Your finances are rarely under such scrutiny as they are when you apply for a mortgage. You’ll need to provide plenty of documentation to prove your ability to make your mortgage payments consistently. I thought simply providing a selfie of me sitting in business class would suffice. It, surprisingly, did not. Even after your documentation has been submitted, any change to your financial standing or credit profile can bring scrutiny prior to closing.
Applying for a new credit card will most certainly lower your score slightly and temporarily. This is caused by the hard inquiry. But that temporary ding to your credit score isn’t your potential lender’s only concern—they may also wonder if you’re apt to take on additional debt. Will this cause your mortgage terms to change drastically? Likely not. Could they change? Absolutely. And with mortgage loan terms typically expanding out more than a decade, even small changes could mean big money.
Of course, this all predicated on your individual credit profile and your lender. Points and miles collectors often have little trouble explaining away a new tradeline on their credit report. Credit card churning is more popular than many probably realize.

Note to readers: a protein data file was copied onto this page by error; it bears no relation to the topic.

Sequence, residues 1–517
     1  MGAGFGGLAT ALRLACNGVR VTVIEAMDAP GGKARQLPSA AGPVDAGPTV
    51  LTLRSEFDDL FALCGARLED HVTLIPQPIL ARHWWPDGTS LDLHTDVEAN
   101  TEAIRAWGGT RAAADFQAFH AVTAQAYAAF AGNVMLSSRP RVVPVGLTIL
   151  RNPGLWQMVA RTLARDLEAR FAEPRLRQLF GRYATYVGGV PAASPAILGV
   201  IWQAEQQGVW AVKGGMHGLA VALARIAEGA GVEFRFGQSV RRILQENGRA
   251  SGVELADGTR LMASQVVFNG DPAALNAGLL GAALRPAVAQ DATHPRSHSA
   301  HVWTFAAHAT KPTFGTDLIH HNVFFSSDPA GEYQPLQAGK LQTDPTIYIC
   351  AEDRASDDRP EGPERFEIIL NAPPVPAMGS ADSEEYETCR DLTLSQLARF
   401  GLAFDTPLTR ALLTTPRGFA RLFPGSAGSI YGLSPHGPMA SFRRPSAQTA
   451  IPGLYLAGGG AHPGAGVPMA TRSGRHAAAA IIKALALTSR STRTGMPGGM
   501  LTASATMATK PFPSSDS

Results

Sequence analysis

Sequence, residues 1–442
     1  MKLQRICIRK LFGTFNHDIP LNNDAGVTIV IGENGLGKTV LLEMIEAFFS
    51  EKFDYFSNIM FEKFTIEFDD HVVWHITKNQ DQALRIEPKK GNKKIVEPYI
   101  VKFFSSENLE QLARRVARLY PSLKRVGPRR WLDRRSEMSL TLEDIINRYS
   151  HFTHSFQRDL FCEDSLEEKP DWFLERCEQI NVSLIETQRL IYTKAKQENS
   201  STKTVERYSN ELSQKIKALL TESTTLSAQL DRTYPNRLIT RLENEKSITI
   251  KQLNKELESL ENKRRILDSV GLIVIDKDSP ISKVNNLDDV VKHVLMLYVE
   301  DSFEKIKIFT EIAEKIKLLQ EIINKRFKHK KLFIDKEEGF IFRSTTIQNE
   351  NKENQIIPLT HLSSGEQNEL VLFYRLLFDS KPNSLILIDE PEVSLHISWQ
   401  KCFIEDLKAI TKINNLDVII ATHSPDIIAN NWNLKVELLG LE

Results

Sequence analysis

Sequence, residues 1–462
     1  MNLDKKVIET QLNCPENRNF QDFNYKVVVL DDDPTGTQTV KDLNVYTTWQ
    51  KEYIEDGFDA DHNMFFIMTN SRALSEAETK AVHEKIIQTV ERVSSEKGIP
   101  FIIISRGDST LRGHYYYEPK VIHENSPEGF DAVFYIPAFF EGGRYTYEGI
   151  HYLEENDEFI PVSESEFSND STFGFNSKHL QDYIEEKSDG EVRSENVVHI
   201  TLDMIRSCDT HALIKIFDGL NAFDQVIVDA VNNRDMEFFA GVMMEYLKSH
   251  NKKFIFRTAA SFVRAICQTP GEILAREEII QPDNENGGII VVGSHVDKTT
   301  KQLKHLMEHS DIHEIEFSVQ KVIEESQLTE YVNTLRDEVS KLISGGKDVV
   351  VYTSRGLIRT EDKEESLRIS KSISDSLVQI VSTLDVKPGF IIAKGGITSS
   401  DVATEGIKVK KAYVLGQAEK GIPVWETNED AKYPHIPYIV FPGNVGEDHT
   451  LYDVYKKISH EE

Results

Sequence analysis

The safest strategy is to make no major money moves in the months prior to closing. If that lucrative sign-up bonus simply can’t wait, it may be best to run it by your mortgage broker or loan officer first. They hate surprises.
Closing on a house can be extremely stressful and points and miles opportunities will always be there. Smooth sailing during closing may prove to be worth a lot more than a few extra airline miles.
The information herein should not be considered prescriptive financial advice. Travel Fanboy receives no commission or compensation from any credit card issuer or affiliated companies for links on this website. The opinions expressed are the author’s alone.
For information on how the churn and burn process can impact your credit score: Churn and Burn Credit Score Guide